We all love St. Paddy’s Day, right? It conveniently falls right after Daylight Savings Time begins again… and we’re all for any excuse to party to celebrate. The days are markedly longer and the dark, frigid days of winter are behind us. Bring on the green beer, corned beef and goofy, inappropriate t-shirts!
A national holiday in Ireland (and they need a day off to pack in all the parties), St Patrick’s Day is also celebrated around the world every March 17th in celebration of Irish culture.
So who is this dude we honour? The holiday is actually quite a serious observance of one of Ireland’s patron saints, St. Patrick, who’s said to have ministered Christianity in Ireland during the fifth century.
In honour of the Irish, their culture and the people who gave us the best holiday ever, here are a few interesting facts about the Irish culture.
Patty’s or Paddy’s?
One is right, one is very wrong.
Think about it: Patty refers to the short form of the female name of Patricia and incidentally, a patty is also how we reference the shape of a burger.
The other, correct reference, is a short form of the Irish version of the male name of Patrick, which is Padraig. And since Saint Patrick was indeed a man, St. Paddy’s is the only logical spelling that can be applied.
What’s in a name?
To honour their roots, Irish adventurers have named at least 20 other places in the world after their homeland’s capital city Dublin. One of them is Dublin, Ontario (https://wiki.city/en/map/canada_ontario_perth-county_dublin)a
Paddy of a thousand meanings…
Though there are many different slang definitions for the word Paddy, from being an offensive term used by those wishing to insult someone, to being used as a reference to someone throwing a tantrum, the most common used is when the Irish call one another a Paddy as a term of endearment.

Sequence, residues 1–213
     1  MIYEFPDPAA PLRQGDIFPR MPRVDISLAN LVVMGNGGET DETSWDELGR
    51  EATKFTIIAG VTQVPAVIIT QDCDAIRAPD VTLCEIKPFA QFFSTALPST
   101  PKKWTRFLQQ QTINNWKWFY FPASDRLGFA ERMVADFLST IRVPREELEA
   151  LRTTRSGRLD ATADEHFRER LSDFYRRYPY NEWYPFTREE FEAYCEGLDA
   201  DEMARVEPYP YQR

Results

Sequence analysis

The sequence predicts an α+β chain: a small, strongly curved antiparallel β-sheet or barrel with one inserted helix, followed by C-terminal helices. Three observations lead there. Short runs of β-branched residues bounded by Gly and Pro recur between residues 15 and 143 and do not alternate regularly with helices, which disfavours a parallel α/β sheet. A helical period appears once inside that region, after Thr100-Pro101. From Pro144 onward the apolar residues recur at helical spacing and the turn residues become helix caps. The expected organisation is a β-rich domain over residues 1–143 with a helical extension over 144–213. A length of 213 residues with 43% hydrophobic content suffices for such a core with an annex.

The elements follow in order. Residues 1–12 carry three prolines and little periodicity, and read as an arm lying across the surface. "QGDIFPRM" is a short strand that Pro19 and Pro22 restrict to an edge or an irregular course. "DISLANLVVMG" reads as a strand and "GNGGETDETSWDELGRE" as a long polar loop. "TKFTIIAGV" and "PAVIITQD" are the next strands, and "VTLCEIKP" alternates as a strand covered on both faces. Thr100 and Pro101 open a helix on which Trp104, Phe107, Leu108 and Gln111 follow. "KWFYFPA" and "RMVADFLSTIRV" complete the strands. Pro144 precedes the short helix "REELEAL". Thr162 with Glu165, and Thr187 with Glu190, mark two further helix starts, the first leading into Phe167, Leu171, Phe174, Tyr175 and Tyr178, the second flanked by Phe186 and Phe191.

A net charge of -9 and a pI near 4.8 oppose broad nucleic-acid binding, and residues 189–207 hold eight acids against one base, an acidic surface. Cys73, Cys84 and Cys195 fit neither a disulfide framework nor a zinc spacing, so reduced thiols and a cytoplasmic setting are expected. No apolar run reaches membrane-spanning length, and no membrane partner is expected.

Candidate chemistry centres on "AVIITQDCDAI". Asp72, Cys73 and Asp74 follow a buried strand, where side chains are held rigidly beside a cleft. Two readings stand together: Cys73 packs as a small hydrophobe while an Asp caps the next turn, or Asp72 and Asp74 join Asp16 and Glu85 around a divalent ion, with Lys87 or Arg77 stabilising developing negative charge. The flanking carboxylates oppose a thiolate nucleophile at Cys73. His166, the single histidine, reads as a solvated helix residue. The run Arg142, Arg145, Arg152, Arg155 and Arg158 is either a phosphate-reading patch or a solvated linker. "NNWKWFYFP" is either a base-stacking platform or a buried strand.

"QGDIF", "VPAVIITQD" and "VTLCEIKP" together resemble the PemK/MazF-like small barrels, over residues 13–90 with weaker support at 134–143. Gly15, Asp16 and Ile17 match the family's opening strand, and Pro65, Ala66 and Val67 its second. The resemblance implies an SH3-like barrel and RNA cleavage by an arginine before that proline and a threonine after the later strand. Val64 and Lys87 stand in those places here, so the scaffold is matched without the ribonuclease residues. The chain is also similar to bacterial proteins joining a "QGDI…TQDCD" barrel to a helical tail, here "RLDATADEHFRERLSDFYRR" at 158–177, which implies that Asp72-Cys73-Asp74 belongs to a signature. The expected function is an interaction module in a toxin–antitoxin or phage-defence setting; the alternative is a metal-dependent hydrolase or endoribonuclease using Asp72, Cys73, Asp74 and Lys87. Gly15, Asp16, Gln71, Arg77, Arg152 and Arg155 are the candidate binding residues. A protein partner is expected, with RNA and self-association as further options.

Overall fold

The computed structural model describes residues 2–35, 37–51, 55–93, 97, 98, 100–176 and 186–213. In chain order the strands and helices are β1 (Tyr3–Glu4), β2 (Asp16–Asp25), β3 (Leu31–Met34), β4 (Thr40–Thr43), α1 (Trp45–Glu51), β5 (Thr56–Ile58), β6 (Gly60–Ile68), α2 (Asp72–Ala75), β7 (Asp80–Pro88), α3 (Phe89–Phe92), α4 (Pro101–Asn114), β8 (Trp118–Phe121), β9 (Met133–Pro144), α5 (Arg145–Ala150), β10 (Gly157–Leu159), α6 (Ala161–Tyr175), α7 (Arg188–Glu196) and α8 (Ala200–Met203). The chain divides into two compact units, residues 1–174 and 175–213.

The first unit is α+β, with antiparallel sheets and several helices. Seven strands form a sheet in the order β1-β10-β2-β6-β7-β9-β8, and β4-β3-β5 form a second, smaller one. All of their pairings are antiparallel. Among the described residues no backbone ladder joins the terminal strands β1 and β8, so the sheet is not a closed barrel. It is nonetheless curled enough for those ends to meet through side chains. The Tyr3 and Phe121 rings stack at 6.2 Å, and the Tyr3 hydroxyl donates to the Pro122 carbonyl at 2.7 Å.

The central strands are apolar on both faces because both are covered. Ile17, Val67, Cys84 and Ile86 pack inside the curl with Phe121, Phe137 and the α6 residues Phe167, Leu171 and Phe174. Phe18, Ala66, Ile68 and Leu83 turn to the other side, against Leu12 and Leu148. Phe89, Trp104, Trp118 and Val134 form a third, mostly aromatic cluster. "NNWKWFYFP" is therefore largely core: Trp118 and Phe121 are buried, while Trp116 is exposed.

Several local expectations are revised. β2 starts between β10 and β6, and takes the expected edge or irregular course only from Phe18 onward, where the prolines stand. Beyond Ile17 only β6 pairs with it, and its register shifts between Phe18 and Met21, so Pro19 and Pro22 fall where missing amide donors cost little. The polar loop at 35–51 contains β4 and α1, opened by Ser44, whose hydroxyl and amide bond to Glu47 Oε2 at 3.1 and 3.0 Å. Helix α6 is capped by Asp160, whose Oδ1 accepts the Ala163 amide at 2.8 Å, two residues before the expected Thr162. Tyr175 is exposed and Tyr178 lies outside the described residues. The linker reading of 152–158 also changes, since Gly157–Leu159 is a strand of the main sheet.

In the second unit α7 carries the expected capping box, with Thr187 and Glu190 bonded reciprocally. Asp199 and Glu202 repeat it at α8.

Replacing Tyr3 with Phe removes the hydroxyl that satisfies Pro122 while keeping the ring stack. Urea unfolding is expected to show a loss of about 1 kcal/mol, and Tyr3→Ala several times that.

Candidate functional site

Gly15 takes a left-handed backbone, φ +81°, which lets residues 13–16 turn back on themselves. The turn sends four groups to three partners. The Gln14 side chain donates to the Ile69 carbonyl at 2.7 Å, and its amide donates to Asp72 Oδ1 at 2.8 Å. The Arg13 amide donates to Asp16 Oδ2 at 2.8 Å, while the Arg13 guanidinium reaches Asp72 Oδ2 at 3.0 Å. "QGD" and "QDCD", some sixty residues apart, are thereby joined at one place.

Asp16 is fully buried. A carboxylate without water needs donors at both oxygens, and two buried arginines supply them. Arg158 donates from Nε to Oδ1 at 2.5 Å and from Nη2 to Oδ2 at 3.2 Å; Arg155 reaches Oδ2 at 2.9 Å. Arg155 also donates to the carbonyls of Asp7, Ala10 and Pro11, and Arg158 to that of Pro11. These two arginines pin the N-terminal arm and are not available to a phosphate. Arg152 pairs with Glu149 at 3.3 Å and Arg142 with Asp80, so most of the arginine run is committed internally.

Green beer, NOT green food.
Irish food traditionally served for St. Paddy’s Day celebrations:
- Irish brown bread
- Corned beef and cabbage
- Irish potato soup
- Beef and Guinness pie
- Irish coffee
- Irish potato champ, also known as poundies, cally or pandy
- Irish stew
Betcha can’t say that 5 times fast…
In English, Dublin is pronounced just as you’d expect (DUB-LYN), though the Irish equivalent is Dubhlinn (pronounced DOVE-LIN). The city’s name in Irish is actually, Baile Atha Cliath and is pronounced BOL-YEH AW-HA CLEE-AH.
Warm your Irish love’s heart…
Here are a few Irish terms of endearment and how to pronounce them:
A ghrá (pronounced ‘uh-GRAWH’)—means “Love” in a romantic way
A chroí (pronounced ‘uh KHREE’)—means “Heart”
A mhuirnín (pronounced ‘uh WUR-neen’) — means “Darling”
A chuisle (pronounced ‘uh KHUSH-leh’)— means “Pulse”
Drowning the Shamrock
No, we don’t mean chugging one of those breath-freshening Shamrock Shakes from a certain fast-food restaurant!
“Drowning the shamrock” refers to the Irish tradition of putting a real shamrock, otherwise known as a three-leafed clover, into the last glass of drink of the night as a toast to St. Patrick. After the whiskey or beer is drunk, the shamrock is then thrown over the left shoulder.
The shamrock has become a symbol of the Irish and St. Patrick’s Day across the globe, based on the legend that St. Patrick used the shamrock, with its three-lobed leaves, to explain the Holy Trinity to Christians.